Rachael Minott, Horniman’s Curator of Anthropology (Social Practice), with the help of Shasti Lowton, created a series of events where multiple generations of Caribbeans could gather and share food, stories and advice.
Here, the group shares challenges in the education system, career successes and aspirations, through letters to their parents.
Mum tells us how fortunate we are, she was born during wartime and had little schooling. She always looks up at us when she needs to write her letters or complete forms.
She tells us stories of her childhood days, sometimes not attending school and having very little to eat as it was difficult in the war.
I must say I am grateful for what I have achieved in my education here. I believe the education system in the Caribbean overall is much better than here. All of my friends who went to school with me always talk about how we were left behind when we came to school here.
We had already learnt all the subjects which was being taught according to our ages in the class. However, when you get older to 18 years on, you do need to leave Dominica and seek to travel to another country to study at university level as Dominica doesn’t have a university.
Mum and Dad – Your courage and persistence helped you succeed in creating a home for your family, providing for your growing family needs and inspiring your family and others to reach for the stars and follow their dreams.
What you will be delighted to know is the little clan you have created did just that.
The name Ross is now associated with entrepreneurial activity and a range of business ventures – children’s nurseries and playschools, fashion and beauty salons, art and culture, and catering.
All these businesses have the same ethos as the one you created in your early days in England, bringing people together and helping them to survive, thrive and navigate their way around English society.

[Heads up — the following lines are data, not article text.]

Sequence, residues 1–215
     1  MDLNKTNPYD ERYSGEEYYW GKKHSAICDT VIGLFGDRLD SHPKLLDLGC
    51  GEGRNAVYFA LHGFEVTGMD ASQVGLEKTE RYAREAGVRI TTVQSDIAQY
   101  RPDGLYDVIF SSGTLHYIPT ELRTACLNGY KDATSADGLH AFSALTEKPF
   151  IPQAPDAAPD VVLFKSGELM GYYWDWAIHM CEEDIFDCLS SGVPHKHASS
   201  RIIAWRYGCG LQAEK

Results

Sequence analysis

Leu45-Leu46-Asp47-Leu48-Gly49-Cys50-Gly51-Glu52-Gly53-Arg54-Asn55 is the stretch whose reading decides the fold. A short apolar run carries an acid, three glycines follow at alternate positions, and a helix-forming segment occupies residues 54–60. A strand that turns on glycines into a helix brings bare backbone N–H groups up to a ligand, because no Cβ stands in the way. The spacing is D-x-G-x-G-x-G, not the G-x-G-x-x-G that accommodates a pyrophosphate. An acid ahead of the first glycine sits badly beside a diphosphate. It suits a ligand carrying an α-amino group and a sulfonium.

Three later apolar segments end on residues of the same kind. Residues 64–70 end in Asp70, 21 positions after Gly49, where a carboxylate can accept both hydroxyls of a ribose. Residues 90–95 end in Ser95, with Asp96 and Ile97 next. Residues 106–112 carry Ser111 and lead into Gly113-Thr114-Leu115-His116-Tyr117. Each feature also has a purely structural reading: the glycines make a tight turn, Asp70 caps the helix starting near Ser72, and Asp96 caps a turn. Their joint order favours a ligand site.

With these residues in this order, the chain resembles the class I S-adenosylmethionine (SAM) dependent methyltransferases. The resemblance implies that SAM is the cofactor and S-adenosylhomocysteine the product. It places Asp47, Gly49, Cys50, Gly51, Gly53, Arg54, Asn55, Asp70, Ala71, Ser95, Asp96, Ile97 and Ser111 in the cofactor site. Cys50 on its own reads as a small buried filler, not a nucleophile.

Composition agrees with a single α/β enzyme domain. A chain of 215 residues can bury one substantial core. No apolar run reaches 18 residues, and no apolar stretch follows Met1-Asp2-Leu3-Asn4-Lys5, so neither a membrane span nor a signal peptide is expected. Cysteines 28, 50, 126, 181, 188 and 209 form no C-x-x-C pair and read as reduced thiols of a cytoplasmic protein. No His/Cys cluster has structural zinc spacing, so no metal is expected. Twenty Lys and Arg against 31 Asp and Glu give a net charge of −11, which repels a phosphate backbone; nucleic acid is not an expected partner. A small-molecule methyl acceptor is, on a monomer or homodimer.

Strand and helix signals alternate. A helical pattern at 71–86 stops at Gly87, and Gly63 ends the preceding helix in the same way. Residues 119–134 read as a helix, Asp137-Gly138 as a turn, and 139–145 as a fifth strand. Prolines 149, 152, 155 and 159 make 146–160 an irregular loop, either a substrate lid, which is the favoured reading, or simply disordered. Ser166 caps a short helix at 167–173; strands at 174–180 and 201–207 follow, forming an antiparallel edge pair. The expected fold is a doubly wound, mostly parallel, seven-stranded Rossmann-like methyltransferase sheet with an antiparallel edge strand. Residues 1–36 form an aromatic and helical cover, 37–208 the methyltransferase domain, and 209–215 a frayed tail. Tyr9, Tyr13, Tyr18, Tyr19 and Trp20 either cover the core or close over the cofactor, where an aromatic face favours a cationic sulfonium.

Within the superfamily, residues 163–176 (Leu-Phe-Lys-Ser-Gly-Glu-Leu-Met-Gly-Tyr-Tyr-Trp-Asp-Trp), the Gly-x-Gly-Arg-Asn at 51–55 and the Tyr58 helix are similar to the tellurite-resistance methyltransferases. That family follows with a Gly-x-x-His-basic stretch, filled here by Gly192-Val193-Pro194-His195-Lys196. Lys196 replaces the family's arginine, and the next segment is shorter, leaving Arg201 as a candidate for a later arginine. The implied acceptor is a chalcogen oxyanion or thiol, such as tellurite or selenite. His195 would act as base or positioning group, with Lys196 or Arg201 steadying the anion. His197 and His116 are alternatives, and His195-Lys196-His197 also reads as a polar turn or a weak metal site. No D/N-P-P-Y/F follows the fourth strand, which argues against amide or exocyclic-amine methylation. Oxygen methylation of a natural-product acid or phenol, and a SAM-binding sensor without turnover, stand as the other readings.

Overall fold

Your house parties were legendary; people still talk about them today. Many people say they don’t know how they would have coped in the early days of settling into the country if you hadn’t generously opened your home and hearts to them.
Shebeens and Blues Parties developed from house parties, but Caribbeans needed these spaces where they could escape the racism of those days.
Mum and Dad – Despite your knowledge and experience you had to start over with work here, because no one trusted what you knew.
You went from managers to receptionist, sat through interviews for jobs – which no longer existed – just to be tested.
You conducted yourselves in the constant pursuit of excellence and told us that it did not matter what we chose to do, but that we were the best we could be in that role.
You encouraged excellence and we too pursue excellence until this day. However, it means I expect excellence in return. Sometimes it means I am disappointed, by the world, the people I interact with and in myself.
Pops – It’s been nine years since you passed but not a day goes by without us celebrating your love of photography.
With me on my Samsung 8 plus and Vanes on her IPhone 8, we continue capturing magical memories and to make our own mark documenting history.
Your journey meant you were known throughout London (especially east London), as Andy the Photographer who did weddings, christenings, passports and many other celebrations.
I am pleased that you got to see the start of my Photography Journey, with Soca News, then the City of London Black Police Association, which led to my connection with the 100 Black Men of London, and becoming their Official Photographer in 2002.
I know you will be pleased to hear that Vanes is continuing photography for 100 Black Men of London and taking things even further by creating videos that highlight the work we do.
In fact, last week she was representing at Caesars Palace Las Vegas!
I know as a boxing fan, that’s one place you would have loved to capture Muhammed Ali.